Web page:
Conversations on Severe Asthma: Realities from the Patient & Advocacy Community

With two major asthma observances in the month of May – World Asthma Day on May 3 and Asthma Awareness Month – they provide an opportunity for patients with Respiratory conditions, like severe asthma, to address the realities of their disease, and begin living life to its fullest.

Asthma is a serious, chronic disease that causes the airways in the lungs to become swollen or inflamed and over-reactive to triggers like pollen, dust or smoke. Severe asthma requires inhaled medications, controller medications, and oftentimes oral corticosteroids, and can take a significant toll on people living with this disease. According to a survey conducted by the Asthma and Allergy Foundation of America (AAFA), 97 percent of people living with severe asthma report that their asthma limits their everyday tasks; 83 percent said severe asthma affects their personal relationships with family, spouses/partners, friends and co-workers; 78 percent said their severe asthma is always in the back of their mind.

However, despite using high-dose medicines, following a management plan and taking steps to reduce risks, people living with severe asthma may feel like their condition continues to dictate their quality of life given the complex nature of this disease.

Liz Bodin, VP, US Respiratory & Immunology at AstraZeneca, connected with Jennifer, a patient who lives with severe asthma, and Kenneth Mendez, Chief Executive Officer and President of AAFA, to discuss the challenges that persist for the patient community and their hopes for the future management of this disease. 

 

Liz Bodin: Can you describe the impact severe asthma has on your day-to-day life?




Jennifer: I speak from personal experience when I say that many people don’t understand how much of a toll on your job, relationship and hobbies asthma can have. Daily activities can be a struggle, and most days I use my rescue inhaler. I’m constantly checking the weather to see if it’s too hot, too cold – both can trigger my asthma – pollen count, wind speed, etc., to determine if I’ll be able to open up windows or go outside. My motto living with severe asthma is definitely ‘One day at a time.’ For people like me, you have to be flexible when it comes to this disease, because symptoms and flare ups can come at any time.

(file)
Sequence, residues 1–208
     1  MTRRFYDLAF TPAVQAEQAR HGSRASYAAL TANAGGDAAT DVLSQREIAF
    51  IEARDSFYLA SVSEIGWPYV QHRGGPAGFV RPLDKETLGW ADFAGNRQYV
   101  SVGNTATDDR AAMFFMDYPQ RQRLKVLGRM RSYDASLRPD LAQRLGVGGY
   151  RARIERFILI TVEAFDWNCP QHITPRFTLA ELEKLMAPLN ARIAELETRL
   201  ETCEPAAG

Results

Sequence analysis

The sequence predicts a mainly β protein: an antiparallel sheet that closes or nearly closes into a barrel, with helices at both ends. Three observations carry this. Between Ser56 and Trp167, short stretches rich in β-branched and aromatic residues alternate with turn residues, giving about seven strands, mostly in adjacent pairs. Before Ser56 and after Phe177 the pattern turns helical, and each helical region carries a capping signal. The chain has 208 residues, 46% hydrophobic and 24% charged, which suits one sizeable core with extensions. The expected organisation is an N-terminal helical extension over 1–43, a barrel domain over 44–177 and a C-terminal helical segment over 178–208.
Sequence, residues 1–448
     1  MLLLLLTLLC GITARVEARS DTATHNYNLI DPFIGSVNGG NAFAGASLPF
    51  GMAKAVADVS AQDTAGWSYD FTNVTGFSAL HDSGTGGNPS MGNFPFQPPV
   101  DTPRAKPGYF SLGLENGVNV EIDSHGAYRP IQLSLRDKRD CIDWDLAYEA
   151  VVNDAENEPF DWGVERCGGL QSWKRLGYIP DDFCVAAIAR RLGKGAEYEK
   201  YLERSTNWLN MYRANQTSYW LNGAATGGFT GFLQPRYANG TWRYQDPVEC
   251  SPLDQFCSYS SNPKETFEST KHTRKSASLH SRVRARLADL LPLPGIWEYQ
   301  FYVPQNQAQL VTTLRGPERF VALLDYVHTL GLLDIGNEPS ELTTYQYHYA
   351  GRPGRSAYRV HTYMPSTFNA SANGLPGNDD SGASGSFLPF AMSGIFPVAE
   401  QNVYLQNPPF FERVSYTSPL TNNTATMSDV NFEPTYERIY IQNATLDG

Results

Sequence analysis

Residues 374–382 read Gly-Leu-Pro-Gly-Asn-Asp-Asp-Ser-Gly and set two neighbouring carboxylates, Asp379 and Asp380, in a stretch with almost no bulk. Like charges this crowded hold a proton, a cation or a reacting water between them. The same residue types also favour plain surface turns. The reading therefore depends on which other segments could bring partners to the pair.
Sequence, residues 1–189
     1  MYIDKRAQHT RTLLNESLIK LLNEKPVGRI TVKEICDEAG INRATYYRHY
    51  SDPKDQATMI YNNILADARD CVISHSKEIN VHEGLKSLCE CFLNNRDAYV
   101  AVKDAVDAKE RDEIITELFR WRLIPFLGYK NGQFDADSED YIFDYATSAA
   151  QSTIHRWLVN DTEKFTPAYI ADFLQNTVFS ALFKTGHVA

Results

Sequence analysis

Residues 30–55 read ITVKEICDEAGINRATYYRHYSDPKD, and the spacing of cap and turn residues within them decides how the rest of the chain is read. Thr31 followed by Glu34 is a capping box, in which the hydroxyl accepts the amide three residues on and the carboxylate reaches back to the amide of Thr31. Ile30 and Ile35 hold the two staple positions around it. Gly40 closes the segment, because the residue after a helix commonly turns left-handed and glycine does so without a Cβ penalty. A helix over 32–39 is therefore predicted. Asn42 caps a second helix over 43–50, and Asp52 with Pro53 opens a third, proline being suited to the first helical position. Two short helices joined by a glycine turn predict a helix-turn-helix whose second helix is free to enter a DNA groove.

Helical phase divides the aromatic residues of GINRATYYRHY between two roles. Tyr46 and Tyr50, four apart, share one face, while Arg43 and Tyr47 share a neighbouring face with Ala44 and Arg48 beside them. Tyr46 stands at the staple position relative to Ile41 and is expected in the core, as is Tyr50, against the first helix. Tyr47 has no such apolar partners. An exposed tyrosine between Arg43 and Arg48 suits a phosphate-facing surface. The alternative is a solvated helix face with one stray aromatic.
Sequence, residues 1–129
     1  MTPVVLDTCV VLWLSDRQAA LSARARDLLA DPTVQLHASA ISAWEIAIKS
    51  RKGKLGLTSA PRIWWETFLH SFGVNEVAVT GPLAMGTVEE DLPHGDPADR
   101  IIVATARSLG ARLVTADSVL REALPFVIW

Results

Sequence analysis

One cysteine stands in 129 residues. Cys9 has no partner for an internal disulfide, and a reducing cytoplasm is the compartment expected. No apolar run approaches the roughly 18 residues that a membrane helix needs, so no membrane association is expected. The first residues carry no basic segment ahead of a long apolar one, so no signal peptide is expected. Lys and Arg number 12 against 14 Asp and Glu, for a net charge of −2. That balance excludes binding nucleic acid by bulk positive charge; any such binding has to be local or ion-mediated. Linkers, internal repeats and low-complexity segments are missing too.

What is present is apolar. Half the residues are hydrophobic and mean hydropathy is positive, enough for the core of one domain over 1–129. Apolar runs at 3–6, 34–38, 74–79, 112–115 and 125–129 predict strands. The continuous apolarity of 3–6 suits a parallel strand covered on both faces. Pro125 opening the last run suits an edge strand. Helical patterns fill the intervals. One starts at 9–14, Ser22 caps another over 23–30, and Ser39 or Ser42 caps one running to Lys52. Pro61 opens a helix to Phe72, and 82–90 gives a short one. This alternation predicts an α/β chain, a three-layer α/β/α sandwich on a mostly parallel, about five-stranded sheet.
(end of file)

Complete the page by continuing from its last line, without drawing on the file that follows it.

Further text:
Liz Bodin: As a leader in the asthma and allergy community, what is a major unmet need that persists for people living with severe asthma?

 

Kenneth Mendez: Although there’s no cure for asthma, there are ways to help manage it. We always recommend that people with asthma work with their doctors to create an asthma management plan and see a specialist, if possible.


Unfortunately, there remains a disconnect between the number of people living with severe asthma and their access to specialty care. Due to the complexity and severity of the disease, a specialist is often best equipped to help diagnose and treat severe asthma. However, in the US, only 38 percent of people living with severe asthma have seen a specialist—such as a pulmonologist, allergist or immunologist—over the past two years. That means more than 60 percent of Americans living with severe asthma are not getting specialized care that could help them find the right combination of medications and lifestyle changes to better manage their condition.

Liz Bodin: What advice would you give to others living with severe asthma, and what is your hope for the future of your disease? 

Jennifer: The best advice I can give to others living with severe asthma is don't be afraid to talk to your healthcare team. Advancements in the treatment of severe asthma are happening every day, so it's a good idea to occasionally re-evaluate your asthma treatment plan with your doctor, especially if you feel like your asthma symptoms could be better controlled. I know what it’s like to cancel plans, reschedule vacations, opt out of hobbies to avoid triggers, and even have to uproot your life and move to a different state to help control asthma.

Recently, I learned more about my asthma through a new, innovative tool AIRQ which helped me better understand my level of asthma control and empowered me to take charge of my asthma journey. It’s important for people living with asthma to understand their level of asthma control because it could help inform conversations with their doctor and help them live a life less defined by asthma symptoms.

I am incredibly excited about the new treatment options available for severe asthma, which may help me and millions of others to finally live a life that is no longer controlled by this disease.

Liz Bodin: What steps do you recommend people like Jennifer who are living with severe asthma take to help manage their condition?

Kenneth Mendez: In recent years, new treatment options have emerged, so people living with severe asthma have the opportunity to work with their asthma or allergy specialist to decide which asthma management plan best fits their unique needs.

For resources, visit AAFA.org to download free materials and tools.